La Rambla ★★★

TK, Barcelona
Pedestrians (and one of many "living statues" on Les Rambles in Barcelona. (Photo by Alain Rouiller)

Las Ramblas (Les Rambles in Catalan) is the bustling, tree-shaded main boulevard of Barcelona

An Aerial view of La Rambla from the Mirador de Colom, Barcelona.
An aerial view of La Rambla from the Mirador de Colom. (Photo by xlibber)
La Rambla is the long, wide, pedestrian boulevard that glides right through the heart of the old city, from Plaça de Catalunya 1.2km (3/4 mile) all the way to the port.

Laid out in 1766 along the line once formed by the medieval city walls—and once drained by a sewer-like creek ("rambla" means intermittent stream)—this boulevard shunts the vehicular streets to either side and fills the broad middle of the path with a wide pedestrian road, shaded by trees and filled with kisoks, street performers, and—on any given day—what feels like half the city out for a stroll.

Start at the port end, at the Drassanes metro stop, and the architectural exclamation point of the Mirador de Colom. Ride the elevator to the top of for an overview of La Rambla (and a nice panorama of the port and the city).

The Miró mosaic on La Rambla, Barcelona.
The Miró mosaic on La Rambla. (Photo by Edal Anton Lefterov)
Then just amble north.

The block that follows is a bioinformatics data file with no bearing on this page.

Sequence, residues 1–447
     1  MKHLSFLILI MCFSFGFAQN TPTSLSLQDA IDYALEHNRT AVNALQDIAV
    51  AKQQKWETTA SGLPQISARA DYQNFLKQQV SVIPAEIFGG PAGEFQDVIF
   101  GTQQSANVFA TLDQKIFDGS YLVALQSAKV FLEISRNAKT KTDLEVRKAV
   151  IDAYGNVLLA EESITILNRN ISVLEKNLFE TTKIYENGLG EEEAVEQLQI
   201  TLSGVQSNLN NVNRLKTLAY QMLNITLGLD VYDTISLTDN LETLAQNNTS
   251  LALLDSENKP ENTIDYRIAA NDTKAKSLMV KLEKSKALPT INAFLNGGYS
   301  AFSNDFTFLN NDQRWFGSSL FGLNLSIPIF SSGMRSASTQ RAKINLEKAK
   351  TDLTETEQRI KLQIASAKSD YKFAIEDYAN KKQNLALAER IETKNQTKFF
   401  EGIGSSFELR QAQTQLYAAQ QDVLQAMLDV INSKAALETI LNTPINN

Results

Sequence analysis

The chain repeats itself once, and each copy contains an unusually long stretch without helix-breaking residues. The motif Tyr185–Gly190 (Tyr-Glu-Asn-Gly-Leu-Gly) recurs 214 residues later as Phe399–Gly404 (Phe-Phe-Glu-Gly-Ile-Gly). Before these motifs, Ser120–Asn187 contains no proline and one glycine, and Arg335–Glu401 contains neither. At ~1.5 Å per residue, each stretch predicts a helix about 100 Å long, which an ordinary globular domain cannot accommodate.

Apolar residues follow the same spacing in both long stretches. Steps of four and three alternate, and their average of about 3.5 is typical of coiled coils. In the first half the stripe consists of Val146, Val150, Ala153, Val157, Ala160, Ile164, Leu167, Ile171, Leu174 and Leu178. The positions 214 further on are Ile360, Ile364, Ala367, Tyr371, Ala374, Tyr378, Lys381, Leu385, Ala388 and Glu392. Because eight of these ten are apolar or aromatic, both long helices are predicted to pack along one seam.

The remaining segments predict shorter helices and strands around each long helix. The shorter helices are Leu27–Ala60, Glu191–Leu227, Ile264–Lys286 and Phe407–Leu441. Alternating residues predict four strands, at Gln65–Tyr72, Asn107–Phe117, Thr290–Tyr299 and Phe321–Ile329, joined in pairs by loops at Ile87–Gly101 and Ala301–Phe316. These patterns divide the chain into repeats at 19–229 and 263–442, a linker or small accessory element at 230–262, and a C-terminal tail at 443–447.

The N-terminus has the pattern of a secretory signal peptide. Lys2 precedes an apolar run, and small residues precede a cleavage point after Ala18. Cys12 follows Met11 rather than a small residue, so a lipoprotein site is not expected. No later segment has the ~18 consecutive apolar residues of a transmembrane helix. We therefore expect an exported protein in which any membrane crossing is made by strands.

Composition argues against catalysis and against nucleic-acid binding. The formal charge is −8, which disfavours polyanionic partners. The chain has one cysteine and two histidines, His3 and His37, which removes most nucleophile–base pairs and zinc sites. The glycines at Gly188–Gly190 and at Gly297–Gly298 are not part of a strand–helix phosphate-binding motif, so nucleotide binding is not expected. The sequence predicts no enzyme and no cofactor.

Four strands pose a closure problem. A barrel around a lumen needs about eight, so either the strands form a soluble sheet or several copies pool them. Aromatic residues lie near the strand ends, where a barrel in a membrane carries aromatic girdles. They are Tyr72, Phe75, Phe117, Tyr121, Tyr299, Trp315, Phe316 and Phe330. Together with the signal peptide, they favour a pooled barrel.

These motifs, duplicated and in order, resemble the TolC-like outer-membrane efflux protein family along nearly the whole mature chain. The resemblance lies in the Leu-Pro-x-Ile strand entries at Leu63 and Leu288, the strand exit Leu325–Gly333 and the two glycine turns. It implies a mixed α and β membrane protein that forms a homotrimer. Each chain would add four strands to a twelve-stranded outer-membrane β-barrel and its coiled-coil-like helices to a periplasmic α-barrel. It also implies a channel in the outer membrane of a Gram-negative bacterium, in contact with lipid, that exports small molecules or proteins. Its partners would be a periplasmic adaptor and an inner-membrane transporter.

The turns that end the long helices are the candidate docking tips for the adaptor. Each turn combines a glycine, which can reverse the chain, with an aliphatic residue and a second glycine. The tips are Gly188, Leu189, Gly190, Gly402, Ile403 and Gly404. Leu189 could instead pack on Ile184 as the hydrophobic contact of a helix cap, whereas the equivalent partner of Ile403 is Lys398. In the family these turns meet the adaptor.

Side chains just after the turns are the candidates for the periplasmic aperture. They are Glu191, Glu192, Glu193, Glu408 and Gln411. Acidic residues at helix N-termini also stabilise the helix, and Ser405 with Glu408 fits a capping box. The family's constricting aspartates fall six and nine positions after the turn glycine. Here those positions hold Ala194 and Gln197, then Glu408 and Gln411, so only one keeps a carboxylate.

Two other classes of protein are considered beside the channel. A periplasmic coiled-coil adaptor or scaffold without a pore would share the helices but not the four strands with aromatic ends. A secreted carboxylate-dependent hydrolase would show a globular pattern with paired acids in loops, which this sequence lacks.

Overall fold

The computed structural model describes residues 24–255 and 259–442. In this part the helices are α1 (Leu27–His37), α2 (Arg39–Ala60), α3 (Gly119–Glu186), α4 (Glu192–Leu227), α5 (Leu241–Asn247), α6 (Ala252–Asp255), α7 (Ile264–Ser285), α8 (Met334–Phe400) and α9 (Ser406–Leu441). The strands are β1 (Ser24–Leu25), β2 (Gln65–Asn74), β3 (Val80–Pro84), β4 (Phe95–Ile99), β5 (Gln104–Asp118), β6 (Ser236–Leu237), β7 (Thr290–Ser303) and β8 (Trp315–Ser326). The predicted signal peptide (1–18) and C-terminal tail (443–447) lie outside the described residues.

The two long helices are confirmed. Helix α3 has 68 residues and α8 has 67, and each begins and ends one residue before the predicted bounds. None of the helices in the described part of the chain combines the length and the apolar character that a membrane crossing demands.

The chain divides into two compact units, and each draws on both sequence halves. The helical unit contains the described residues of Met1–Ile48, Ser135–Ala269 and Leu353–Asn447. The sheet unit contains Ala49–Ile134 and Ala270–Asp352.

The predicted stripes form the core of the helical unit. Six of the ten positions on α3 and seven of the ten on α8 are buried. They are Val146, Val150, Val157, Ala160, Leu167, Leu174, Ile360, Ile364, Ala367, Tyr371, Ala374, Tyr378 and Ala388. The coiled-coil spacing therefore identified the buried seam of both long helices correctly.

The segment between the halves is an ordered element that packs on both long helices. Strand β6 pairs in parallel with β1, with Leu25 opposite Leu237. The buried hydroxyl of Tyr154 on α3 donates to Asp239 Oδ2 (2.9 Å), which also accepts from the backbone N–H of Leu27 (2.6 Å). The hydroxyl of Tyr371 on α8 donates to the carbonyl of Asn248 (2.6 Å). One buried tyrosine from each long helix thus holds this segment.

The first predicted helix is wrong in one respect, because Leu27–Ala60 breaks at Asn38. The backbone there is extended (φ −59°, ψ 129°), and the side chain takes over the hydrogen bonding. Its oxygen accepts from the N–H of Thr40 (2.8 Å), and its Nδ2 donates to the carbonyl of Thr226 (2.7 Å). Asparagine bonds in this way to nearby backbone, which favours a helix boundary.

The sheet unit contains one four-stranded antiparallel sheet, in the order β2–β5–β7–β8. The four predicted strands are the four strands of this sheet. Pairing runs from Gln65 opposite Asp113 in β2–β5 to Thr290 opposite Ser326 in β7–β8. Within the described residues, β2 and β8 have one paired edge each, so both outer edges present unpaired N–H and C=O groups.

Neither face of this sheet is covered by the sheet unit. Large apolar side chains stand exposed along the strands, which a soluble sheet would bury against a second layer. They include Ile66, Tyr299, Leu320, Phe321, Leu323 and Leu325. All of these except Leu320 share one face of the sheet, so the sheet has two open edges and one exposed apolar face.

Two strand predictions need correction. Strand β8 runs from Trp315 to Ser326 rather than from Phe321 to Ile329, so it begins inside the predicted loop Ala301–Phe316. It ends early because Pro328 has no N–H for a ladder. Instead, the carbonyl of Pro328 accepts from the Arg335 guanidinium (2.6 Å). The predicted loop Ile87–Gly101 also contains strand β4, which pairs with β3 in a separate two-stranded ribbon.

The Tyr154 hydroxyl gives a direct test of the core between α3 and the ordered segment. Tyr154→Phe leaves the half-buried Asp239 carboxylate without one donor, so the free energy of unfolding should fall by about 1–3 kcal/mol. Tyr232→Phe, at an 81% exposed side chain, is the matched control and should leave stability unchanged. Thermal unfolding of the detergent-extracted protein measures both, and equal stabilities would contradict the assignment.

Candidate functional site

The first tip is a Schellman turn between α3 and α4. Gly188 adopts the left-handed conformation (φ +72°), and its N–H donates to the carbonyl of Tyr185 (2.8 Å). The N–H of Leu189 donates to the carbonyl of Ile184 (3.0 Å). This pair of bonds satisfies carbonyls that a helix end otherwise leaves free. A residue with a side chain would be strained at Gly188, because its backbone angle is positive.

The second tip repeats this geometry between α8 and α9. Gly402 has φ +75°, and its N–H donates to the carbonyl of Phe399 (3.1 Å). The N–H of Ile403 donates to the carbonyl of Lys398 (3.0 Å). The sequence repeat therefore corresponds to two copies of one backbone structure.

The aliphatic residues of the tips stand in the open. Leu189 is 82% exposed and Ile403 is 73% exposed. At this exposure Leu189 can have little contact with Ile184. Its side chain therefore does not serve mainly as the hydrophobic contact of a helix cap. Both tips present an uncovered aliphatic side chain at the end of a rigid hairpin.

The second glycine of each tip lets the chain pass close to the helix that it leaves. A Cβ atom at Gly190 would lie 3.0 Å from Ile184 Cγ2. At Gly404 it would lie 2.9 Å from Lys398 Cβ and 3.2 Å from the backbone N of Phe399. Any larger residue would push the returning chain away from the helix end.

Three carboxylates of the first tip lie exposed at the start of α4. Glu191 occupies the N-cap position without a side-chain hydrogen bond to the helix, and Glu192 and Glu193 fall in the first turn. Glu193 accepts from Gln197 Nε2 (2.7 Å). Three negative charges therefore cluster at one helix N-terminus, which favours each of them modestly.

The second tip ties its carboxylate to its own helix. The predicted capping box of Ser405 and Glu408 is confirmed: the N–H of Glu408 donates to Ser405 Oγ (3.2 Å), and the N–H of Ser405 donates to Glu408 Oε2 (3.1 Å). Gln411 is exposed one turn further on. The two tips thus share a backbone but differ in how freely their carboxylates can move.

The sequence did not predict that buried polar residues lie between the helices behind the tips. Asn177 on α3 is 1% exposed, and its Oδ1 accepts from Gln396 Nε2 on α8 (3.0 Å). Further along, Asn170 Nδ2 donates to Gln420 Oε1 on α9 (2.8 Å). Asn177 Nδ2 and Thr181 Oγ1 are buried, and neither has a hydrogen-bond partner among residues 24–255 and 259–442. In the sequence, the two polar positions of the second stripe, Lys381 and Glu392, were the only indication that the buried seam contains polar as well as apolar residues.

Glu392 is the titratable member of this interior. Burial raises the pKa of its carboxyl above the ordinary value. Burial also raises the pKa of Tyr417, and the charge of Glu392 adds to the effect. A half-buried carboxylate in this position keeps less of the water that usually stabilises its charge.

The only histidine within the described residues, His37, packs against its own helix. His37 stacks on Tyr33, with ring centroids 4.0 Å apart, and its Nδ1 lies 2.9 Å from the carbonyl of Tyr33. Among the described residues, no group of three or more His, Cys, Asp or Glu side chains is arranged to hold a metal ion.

Stop into La Boqueria covered food market to see the string beans stacked perfectly and the dried salt cod piled high.

Pause at the twittering, tweeting cages of the tiny portable bird market (techncially illegal since 2003, but still around).

Check out the Joan Miró pavement mosaic at Pla de l'Os (where Carrer de Sant Pau and Carrer de la Boqueria hit La Rambla).

An Aerial view of La Rambla from the Mirador de Colom, Barcelona.
The Font de Canaletes on La Rambla. (Photo by Enric Fontvila)
Sip from the Canaletes Fountain, by La Rambla 133, a 19th century streetlamp-topped fountain that pipe water in from the Collserola Ridge. Legend holds that thsoe who drink from it will fall in love with Barcelona and want to return. (It's also where Barça fans congregate to celebrate soccer victories, harking back to when the offices of long-vanished La Rambla newspaper were here and posted the scores on a chalkboard out front.)

Toss coins to the performers who pose as statues and only move when the clink of change hits their hats.

Or just sit on a bench and watch the parade of Barcelona life waltz past.

Note: You may see La Rambla referred to in the plural, as "Las Ramblas" (Castillian spelling) or "Les Rambles" (Catalan spelling), since different stretches of it technically have different names, all starting with "Rambla": Rambla de Canaletes, Rambla dels Caputxins, Rambla de Santa Monica, etc.

Tips & Links

La Rambla details
How long does La Rambla take?

Planning your day: Plan on a leisurely stroll up La Rambla taking at least 45 minutes to an hour. » Barcelona itineraries

La Rambla tours
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A map showing the various named segments of Les Rambles, Barcelona.
A map showing the various named segments of La Rambla. (Image by Enric Fontvila)

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This article was by Reid Bramblett and last updated in September 2013.
All information was accurate at the time.

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Copyright © 1998–2013 by Reid Bramblett. Author: Reid Bramblett.